The owner's sister knew Siddiq and her literary interests. "Bushra kept her eyes open for books for me and would call, 'Asma, I have a book here I think you'd like'." Even then, Siddiq's taste was for novels, "though I did read social history and biography as well." On trips to London with her husband, Siddiq expanded her library, buying mostly books in Arabic. But her first book club, which she started 20 years ago, was an English group. "I'm still with them," she says, "although I've been so busy this year, I haven't gone often. I miss it."

It was this club that inspired her to create Al Multaqa, now an official Unesco reading club. Twenty-five women strong, it is a project that continues to occupy her mind, time and spirit. Last year, without a word of Arabic, I attended a meeting of Al Multaqa and was knocked out by it: once a fortnight, 20 to 25 women gather to discuss a serious book in a serious manner. Forty-five minutes before the discussion was due to start, members began to arrive, Siddiq rising each time to kiss them on both cheeks. ("We've become like a family now." ) Her long-time friend Ghada Hatim, consultant to the regional office of Médecins Sans Frontières, had flown in from Doha.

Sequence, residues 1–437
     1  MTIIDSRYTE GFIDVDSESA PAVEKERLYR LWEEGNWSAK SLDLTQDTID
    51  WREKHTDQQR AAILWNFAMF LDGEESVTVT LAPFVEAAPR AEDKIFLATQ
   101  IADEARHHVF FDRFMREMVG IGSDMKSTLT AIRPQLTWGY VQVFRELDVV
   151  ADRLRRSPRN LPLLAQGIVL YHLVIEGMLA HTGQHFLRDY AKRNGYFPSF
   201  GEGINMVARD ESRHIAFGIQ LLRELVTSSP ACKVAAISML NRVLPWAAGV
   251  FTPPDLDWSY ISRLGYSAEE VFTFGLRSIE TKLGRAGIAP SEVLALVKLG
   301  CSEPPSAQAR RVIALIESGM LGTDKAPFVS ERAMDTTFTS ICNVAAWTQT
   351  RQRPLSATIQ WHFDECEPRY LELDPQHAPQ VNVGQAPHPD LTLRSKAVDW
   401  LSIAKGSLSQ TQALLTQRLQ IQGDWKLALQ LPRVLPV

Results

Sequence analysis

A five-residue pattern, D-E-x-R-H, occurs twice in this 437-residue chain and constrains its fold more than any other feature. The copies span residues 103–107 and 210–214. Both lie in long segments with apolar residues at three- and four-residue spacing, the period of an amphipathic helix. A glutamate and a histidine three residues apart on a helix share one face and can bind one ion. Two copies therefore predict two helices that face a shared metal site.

Aida Kassissieh, another long-time member, admitted that although she was not much younger than Siddiq, "She sometimes feels like my mother. If I'm reluctant or slow to finish a book, Asma says, 'Come on! You have to finish it!' She gives us a lot of enthusiasm. She is amazing. She knows what she wants." That evening's discussion was about the last of the Arabic Booker shortlisted novels. They had read five and were now taking on the sixth, with the Algerian novelist Wassini al Araj and the Egyptian literary critic Salah Fadl, both ensconced on a sofa in Siddiq's living room, weighing in with their views. The discussion - focused on Yusef Zeydan's Beelzebub, the controversial novel that would later win the prize - was lively, intense and open.

The discussion, Siddiq explains, has evolved over the years. "The analysis is more about the book now, rather than an analysis of the characters." To keep themselves challenged, the group occasionally reads a novel, then watches a film based on it, such as Love In The Time Of Cholera, then talks about the differences. During Ramadan this year, Al Multaqa members read stories from 1,001 Arabian Nights. "We'd wanted to read and discuss it before, but how do you talk about such a book? Finally, we decided to look at it from three different angles over three separate evenings: how it showed the times, religion and politics, and the position of women."